Retelling the Education Story: Bringing "Cool" to School Using Progressivism (SIT 2017)

by Faisal Lalani

Nepal’s education system is littered with flaws: teachers are underpaid and untrained, development of the curriculum is neglected, and the number of students failing examinations is higher than the number of those who pass. These problems are consistent throughout the country and as a result, the system that supposedly aims to produce future scientists, engineers, and leaders instead churns out citizens and leaders that repeat the mistakes of past generations. In the past, there has been no movement or reform planned for the low quality of schooling. However, different schools and organizations scattered throughout the country are attempting to do something about the problem by adopting new pedagogies; in one of Nepal’s poorest and most remote districts is the Modern Model Residential School (MMRS), which has adopted a progressive approach to teaching students. The school aims to avoid the traditional form of education commonly found in Nepal and use different technology in combination with hands-on learning to develop skills. This paper dives into how schools like MMRS use progressivism to attempt to change the system that has been characterized as problematic for over half-a-century now.


Lalani, F. (2017). Retelling the Education Story: Bringing "Cool" to School Using Progressivism. Capstone Collection. 3047.


Information & Communication Technologies for Development


Design of an IOT-based water flow monitoring system (ModiCom 2020)

by Zill Ullah Khan, M Umair Anwar, Sabah Pirani, Faisal Lalani, Babatunde Adegoke, Tauseef Tauqeer, & Mustafa Naseem

In this paper, we present the design of a low-cost IoT based approach to monitor the amount of water dispensed at communal clean water collection nodes called Water Filtration Plants. The design of our system caters to the limitations of low-resource settings, such as brown-outs, power surges, data connectivity issues, while our data processing methodology caters to the limitations inherent in the use of low-cost hardware installed in our deployment. Our actionable insights help the water utility of a dense Urban city in Pakistan improve the quality of service of providing clean drinking water to its residents.


Khan, Z. U., Anwar, M. U., Pirani, S., Lalani, F., Adegoke, B., Tauqeer, T., & Naseem, M. (2020). Design of an IOT-based water flow monitoring system. Proceedings of the 26th Annual International Conference on Mobile Computing and Networking.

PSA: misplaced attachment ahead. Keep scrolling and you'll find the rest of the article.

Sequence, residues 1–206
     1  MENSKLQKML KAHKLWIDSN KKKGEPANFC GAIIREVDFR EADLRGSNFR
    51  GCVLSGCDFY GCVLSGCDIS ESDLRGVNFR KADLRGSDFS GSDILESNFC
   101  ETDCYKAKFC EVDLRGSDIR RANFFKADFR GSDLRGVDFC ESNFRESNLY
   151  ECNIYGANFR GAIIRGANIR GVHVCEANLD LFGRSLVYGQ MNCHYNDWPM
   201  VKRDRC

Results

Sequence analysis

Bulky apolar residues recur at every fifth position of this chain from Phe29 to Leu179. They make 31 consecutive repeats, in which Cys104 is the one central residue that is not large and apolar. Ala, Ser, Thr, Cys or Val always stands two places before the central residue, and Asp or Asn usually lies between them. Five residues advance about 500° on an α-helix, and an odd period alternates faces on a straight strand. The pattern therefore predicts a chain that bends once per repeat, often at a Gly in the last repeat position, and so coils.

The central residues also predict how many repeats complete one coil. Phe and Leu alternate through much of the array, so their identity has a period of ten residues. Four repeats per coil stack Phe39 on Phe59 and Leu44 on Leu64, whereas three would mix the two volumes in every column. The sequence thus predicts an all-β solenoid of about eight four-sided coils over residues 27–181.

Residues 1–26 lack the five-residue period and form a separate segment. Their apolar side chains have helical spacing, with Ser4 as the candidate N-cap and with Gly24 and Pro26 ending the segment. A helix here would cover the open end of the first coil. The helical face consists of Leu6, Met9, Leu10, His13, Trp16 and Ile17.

DISMISS: Database of Indian Social Media Influencers on Twitter (AAAI 2022)

by Arshia Arya, Soham De, Dibyendu Mishra, Gazal Shekhawat, Ankur Sharma, Anmol Panda, Faisal Lalani, Parantak Singh, Ramaravind Kommiya Mothilal, Rynaa Grover, Sachita Nishal, Saloni Dash, Shehla Shora, Syeda Zainab Akbar, & Joyojeet Pal

Databases of highly networked individuals have been indispensable in studying narratives and influence on social media. To support studies on Twitter in India, we present a systematically categorised database of accounts of influence on Twitter in India, identified and annotated through an iterative process of friends, networks, and self-described profile information, verified manually. We built an initial set of accounts based on the friend network of a seed set of accounts based on real-world renown in various fields, and then snowballed "friends of friends" multiple times, and rank ordered individuals based on the number of in-group connections, and overall followers. We then manually classified identified accounts under the categories of entertainment, sports, business, government, institutions, journalism, civil society accounts that have independent standing outside of social media, as well as a category of "digital first" referring to accounts that derive their primary influence from online activity. Overall, we annotated 11580 unique accounts across all categories. The database is useful studying various questions related to the role of influencers in polarisation, misinformation, extreme speech, political discourse etc.


Arya, A., De, S., Mishra, D., Shekhawat, G., Sharma, A., Panda, A., Lalani, F., Singh, P., Mothilal, R. K., Grover, R., Nishal, S., Dash, S., Shora, S., Akbar, S. Z., & Pal, J. (2022). DISMISS: Database of Indian Social Media Influencers on Twitter. Proceedings of the International AAAI Conference on Web and Social Media16(1), 1201-1207.

“Like Shock Absorbers”: Understanding the Human Infrastructures of Technology-Mediated Mental Health Support (CHI 2020)

by Sachin R Pendse, Faisal M Lalani, Munmun De Choudhury, Amit Sharma, Neha Kumar